NO - the first thing to know about cycling is that it doesn'tÂ necessarilyÂ make you sweat.
Riding a bike is just like walking - if you walk very quickly or run, you get hot and sweaty but if you walk at a gentle pace, you don't. The same goes for riding a bike - if you start to sweat (and you don't want to) just ride more slowly.
NO - there are hills in Auckland, but there are also hills in plenty of other places where people cycle a lot more than we do.
The trick is to figure out the gentlest route to your destination and go that way. There are lots of work-arounds in Auckland. Your trip may take you a little longer than the direct route but you'll probably still beat the people sitting in cars, stuck in traffic. There is also no shame in getting off and pushing for a bit if the hill is unavoidable. Remember that the aim is not to personify Lance Amstrong, but to simply get to where you are going.
NO - It is a complete misnomer that you need special cycling clothes for riding a bicycle.
Of course if you are sports cycling then you will probably want all the gear but you can ride a bicycle in any clothes that you have in your wardrobe. It's just like walking - if you walk a few hundred metres down the street to the shops you don't generally change or take a shower when you arrive, but if you were competitively speed walking in the Arazona dessert, you probably would. The same goes for cycling. The key thing is to dress for your destination, so wear work clothes on your bike if going to work and â€˜going out' clothes if you are going for a drink with friends.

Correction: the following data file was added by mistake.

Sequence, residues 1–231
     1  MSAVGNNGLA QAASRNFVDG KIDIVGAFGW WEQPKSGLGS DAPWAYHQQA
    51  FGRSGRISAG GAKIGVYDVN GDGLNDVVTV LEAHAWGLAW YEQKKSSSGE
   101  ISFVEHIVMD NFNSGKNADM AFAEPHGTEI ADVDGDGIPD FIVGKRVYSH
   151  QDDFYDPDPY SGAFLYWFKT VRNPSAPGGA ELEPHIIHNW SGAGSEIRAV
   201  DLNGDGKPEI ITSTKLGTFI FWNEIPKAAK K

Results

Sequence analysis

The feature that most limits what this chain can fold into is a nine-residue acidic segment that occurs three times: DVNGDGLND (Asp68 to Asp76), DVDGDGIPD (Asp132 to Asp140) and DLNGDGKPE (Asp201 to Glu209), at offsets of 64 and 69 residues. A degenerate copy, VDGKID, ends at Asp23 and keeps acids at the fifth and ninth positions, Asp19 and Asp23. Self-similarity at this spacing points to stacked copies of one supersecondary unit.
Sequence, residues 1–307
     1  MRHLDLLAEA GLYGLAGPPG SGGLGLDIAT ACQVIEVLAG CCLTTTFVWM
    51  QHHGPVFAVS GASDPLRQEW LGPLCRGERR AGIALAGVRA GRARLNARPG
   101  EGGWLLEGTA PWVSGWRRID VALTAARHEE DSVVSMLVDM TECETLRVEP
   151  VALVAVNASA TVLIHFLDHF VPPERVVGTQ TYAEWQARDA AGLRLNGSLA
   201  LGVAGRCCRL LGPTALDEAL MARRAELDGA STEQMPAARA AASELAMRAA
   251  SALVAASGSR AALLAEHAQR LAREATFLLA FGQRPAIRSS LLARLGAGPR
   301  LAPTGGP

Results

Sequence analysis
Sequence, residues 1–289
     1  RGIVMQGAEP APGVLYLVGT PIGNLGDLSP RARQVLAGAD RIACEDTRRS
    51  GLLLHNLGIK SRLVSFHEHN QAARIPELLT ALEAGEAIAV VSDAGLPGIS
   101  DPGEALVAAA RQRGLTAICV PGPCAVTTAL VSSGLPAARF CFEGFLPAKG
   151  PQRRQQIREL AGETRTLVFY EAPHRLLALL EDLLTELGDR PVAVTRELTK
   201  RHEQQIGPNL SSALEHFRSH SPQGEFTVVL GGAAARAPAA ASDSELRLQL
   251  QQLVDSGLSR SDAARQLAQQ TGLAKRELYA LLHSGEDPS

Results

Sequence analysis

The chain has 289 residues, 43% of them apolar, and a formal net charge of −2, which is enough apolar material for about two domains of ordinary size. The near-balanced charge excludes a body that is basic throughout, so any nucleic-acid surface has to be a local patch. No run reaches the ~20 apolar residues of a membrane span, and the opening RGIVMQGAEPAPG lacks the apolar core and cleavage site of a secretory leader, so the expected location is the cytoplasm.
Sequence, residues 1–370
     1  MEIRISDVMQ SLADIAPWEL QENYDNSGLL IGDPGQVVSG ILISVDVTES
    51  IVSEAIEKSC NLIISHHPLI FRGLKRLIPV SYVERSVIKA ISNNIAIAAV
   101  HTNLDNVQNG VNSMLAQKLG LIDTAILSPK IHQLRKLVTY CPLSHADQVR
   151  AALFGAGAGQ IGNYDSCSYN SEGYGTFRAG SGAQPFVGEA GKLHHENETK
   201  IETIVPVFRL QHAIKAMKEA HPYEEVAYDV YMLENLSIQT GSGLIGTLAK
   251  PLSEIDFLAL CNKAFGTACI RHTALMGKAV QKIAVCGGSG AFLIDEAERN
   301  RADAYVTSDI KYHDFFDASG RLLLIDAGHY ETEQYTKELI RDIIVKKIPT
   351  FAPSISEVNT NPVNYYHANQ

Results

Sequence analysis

NO - cycling can sometimesÂ feelÂ dangerous but in fact it isÂ actually a very safe thing to do, and of course it depends in part on where you are riding and your level of experience.
If you are riding on aÂ separatedÂ cycle path along the waterfront, cycling is not dangerous at all. In fact it is positively beneficial to your health! Cycling in heavy traffic can is a bit more dangerous, especially if you are new to cycling. Our advice is to avoid fast traffic, if at all possible. There are often quiet back streets that you can take to avoid heavy traffic and if you have to go along a busy road for part of the trip, ride on the pavement. Currently, infrastructure for cyclists is practically non- existent and generally very poor where it does exist (there are exceptions) and, if you are new to cycling, it is best to keep out of traffic until you have gained your confidence. You also don't need to cycle everywhere. Pick short trips that are quiet and a pleasure to ride, say to the local dairy to pick up milk or to a cafe on Sunday morning. You will soon find that you start to add new trips to your repertoire.